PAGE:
Once tolerated it can be applied every 24 hours.

Review after 3 months.

If effective consider ongoing treatment.

Contraindicated in pregnancy.

Apply after washing to dry skin.

This product may bleach hair & colour fabrics.

Can cause photosensitivity.

2nd line option: if above causes severe irritation or for hyperpigmentation

Azelaic acid 15% gel

(Skinoren®)
Apply every 12 hours

Review after 3 months.

If effective consider ongoing treatment.

MODERATE ACNE NOT RESPONDING TO TOPICAL TREATMENT
(Seek Specialist Advice in Pregnancy)

  • Oral antibiotic should be reviewed if no response seen after 12 weeks of therapy
  • *Oral and topical antibiotic should not be used in combination as there is an increased risk of antibiotic resistance.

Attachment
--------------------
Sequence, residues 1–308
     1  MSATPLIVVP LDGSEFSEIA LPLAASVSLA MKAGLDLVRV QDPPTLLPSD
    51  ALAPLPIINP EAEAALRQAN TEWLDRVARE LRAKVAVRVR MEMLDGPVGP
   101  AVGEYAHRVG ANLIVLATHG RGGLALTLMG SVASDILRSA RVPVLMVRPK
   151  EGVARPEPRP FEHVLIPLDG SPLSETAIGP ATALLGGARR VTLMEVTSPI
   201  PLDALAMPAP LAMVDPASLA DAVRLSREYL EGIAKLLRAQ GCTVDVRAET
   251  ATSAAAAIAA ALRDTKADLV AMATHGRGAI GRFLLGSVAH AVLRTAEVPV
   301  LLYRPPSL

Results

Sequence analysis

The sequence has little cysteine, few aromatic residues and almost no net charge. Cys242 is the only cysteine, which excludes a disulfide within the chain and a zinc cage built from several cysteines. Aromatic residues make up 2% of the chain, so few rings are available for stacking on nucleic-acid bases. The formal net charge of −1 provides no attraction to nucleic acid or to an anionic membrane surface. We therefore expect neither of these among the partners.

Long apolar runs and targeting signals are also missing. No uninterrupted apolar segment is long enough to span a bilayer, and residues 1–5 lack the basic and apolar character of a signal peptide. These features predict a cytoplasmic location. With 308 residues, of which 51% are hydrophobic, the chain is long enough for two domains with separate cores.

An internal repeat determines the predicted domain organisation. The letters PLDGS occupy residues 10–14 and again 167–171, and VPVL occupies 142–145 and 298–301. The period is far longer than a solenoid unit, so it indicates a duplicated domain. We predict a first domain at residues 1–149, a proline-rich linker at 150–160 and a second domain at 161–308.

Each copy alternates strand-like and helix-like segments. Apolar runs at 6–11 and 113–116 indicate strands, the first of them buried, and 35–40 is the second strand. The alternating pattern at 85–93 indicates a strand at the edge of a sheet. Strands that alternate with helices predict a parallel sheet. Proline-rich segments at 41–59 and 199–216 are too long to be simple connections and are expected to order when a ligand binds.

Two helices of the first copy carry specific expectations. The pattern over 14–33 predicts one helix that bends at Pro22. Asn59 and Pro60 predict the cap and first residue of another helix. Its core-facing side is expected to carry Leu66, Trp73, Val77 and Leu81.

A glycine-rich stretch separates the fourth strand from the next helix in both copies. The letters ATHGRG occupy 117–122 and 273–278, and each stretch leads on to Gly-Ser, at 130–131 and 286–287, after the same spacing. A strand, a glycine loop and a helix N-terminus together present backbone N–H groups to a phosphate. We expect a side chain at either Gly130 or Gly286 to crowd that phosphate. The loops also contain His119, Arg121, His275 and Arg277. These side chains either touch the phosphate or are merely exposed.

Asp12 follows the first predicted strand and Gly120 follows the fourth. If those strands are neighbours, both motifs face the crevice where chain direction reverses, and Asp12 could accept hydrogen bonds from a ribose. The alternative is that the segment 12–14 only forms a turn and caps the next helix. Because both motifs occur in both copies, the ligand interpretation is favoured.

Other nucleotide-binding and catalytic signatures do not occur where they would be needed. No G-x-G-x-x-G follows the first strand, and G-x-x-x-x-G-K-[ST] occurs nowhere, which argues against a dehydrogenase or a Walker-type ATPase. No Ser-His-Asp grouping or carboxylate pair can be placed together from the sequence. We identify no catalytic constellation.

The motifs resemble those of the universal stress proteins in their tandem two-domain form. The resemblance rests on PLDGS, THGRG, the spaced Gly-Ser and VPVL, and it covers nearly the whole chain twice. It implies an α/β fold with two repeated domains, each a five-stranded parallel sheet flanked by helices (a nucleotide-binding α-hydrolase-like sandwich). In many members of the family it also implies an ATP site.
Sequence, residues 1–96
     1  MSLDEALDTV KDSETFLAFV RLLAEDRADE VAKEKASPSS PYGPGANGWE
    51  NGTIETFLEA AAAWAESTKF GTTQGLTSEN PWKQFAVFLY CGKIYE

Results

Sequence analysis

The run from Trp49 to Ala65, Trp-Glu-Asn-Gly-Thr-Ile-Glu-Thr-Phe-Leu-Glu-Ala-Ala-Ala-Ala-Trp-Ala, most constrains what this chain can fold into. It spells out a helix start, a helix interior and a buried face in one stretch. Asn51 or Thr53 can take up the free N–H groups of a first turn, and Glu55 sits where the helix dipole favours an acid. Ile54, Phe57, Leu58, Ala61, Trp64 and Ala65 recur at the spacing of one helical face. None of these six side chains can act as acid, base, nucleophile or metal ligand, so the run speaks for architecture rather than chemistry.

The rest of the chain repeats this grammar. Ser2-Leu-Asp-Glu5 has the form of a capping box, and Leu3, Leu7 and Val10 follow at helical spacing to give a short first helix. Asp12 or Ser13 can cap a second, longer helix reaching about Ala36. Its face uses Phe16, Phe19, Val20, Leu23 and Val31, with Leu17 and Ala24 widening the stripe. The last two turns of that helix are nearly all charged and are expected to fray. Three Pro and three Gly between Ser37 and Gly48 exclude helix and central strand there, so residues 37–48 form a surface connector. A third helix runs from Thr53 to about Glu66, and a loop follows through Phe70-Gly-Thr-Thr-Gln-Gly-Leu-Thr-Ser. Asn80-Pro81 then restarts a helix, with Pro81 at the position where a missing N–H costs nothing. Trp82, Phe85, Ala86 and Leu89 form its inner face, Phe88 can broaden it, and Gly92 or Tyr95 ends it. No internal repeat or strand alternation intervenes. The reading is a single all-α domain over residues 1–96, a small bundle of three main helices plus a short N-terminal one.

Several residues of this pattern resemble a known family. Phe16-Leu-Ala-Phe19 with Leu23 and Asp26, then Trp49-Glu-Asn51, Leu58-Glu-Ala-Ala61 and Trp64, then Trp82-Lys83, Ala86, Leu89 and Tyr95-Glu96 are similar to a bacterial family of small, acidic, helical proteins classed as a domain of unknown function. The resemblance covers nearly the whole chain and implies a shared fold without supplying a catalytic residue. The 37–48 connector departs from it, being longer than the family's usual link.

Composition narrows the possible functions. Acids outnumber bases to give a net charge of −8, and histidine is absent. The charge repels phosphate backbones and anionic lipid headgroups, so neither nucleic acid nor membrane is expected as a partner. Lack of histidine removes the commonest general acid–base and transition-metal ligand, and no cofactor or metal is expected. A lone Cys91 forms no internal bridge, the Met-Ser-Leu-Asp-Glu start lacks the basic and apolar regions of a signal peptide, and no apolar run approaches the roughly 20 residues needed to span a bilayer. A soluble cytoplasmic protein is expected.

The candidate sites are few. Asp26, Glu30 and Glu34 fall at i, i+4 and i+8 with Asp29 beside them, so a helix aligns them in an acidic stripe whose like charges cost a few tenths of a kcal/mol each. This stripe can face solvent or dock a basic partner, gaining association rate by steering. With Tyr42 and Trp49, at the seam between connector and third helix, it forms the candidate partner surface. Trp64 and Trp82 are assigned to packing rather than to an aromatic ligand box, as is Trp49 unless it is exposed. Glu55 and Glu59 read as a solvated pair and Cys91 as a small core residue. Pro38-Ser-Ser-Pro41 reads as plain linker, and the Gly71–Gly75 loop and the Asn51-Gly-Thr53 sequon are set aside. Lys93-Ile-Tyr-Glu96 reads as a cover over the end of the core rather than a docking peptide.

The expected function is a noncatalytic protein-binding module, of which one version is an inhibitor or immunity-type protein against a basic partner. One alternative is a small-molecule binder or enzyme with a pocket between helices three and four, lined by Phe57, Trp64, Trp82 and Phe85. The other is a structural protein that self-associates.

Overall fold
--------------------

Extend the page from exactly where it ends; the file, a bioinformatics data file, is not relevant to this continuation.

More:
Drug Dose Duration +/- Notes
1st choice options

Lymecycline

PLUS

Topical agent from table above (except Duac®)*

408mg every 24 hours

 

As above

Review and limit use to 3 months if possible (max. 6 months)

 
To be continued during & after for maintenance

Contraindicated for children <12yrs old and pregnancy.

Can cause photosensitivity.

Lymecycline 408mg equivalent to 300 mg of tetracycline base).

2nd choice option

Doxycycline

PLUS

Topical agent from table above (except Duac®)*

100mg every 24 hours

As above

Review and limit use to 3 months if possible (max. 6 months)

 
To be continued during & after for maintenance

Not suitable for children <12yrs old and pregnancy.

Can cause photosensitivity.

OR

Trimethoprim

PLUS

Topical agent from table above (except Duac®)*

200mg every 12 hours for 1 month then
300mg every 12 hours for 3 months

As above, to continue during and after oral antibiotic to prevent recurrence.

Not suitable in pregnancy.

Caution re Stevens Johnson Syndrome/ Toxic Epidermal Necrolysis).

Monitor full blood count when on trimethoprim long term.

Please note:

  • Repeat treatment, if necessary, should be with a previously effective antibiotic.